Tea or Coffee? Science Says They’re BOTH Good for Your Heart

Posted: July 24, 2010 in food, health, nutrition, physical therapy, Sports Medicine, Uncategorized, Weight Loss
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By Sylvia Anderson, IH Editor — Published: July 22, 2010

It’s the constant battle – tea or coffee? Caffeine is bad for you, right? Tea is better for cleansing, while coffee just gives you a buzz? But what if I like the taste of coffee better? And I can’t do without my morning Double Chocolate Chip Frappuccino!

Whoa, whoa, whao – slow down! The good news is whichever you prefer, new research says that BOTH coffee and tea are good for your heart.

With the ever increasing addiction to caffeine, many wonder if the substance offers any health benefit or simply harm to your body. Increased consumer consumption of both products has caused increased research interest in the potential health benefits and hazards of caffeine.

A recent study from the Netherlands suggests that tea and coffee may support heart health, a significant concern among both men and women worldwide. The study examined 37,514 participants’ questionnaire responses regarding their daily coffee and tea consumption. Over the study’s 13 years, 1,881 incidences of cardiovascular disease were reported, with 563 strokes and 1,387 cases of coronary heart disease.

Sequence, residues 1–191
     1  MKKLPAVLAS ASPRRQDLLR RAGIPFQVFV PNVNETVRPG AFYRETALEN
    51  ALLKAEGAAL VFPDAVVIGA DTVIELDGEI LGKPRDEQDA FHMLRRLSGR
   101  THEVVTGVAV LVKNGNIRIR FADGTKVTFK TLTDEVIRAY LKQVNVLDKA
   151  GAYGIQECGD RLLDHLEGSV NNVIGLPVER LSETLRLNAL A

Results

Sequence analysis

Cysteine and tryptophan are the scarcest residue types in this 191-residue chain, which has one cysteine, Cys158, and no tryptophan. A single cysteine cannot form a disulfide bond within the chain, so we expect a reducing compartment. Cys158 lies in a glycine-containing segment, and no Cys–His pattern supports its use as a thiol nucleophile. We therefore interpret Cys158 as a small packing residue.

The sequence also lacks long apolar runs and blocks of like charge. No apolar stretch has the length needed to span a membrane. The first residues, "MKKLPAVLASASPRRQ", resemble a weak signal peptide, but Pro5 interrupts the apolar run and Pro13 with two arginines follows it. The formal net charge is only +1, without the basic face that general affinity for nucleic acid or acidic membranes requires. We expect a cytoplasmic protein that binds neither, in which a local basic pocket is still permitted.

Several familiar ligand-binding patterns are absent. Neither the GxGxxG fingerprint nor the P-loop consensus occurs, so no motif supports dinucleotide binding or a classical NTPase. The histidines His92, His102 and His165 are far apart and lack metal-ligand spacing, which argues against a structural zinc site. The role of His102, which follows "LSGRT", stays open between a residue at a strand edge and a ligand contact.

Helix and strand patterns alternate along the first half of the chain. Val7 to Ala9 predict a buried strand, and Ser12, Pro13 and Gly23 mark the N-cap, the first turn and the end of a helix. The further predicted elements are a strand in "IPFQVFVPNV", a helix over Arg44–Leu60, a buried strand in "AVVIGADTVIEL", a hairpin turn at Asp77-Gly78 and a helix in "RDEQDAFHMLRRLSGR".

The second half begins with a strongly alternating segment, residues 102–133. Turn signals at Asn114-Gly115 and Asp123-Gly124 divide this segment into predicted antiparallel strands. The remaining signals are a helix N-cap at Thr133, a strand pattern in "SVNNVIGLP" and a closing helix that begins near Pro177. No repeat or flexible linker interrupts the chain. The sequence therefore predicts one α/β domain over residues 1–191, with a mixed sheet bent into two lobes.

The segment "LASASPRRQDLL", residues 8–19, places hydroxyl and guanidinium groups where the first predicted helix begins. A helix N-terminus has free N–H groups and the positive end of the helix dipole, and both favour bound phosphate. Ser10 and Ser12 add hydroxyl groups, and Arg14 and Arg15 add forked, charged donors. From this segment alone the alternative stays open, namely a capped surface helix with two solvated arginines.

According to the study’s findings, consuming between three and six cups of tea a day may reduce the risk of death from heart disease by about 45%. In addition, the study suggests that drinking coffee may offers similar heart benefits; up to a 20% reduction in heart disease risk with 2-4 cups consumed daily.

Black tea was the most commonly consumed tea among the study’s participants. The benefits to the heart have been attributed to the antioxidant properties found in tea and coffee. In particular, health benefits have been linked to flavonoids found in teas.  These studies were published in the Journal Arteriosclerosis, Thrombosis and Vascular Biology.

One of the limitations of this study was that researchers were relying upon self-reported consumption data. Additional research is needed to fully understand not only consumption levels and their links to health status, but of the potential health benefits of caffeine as consumed via tea and coffee.

So, go ahead – brew or steep to your heart’s content!

Life is a sport. Get Strong! Stay Strong!



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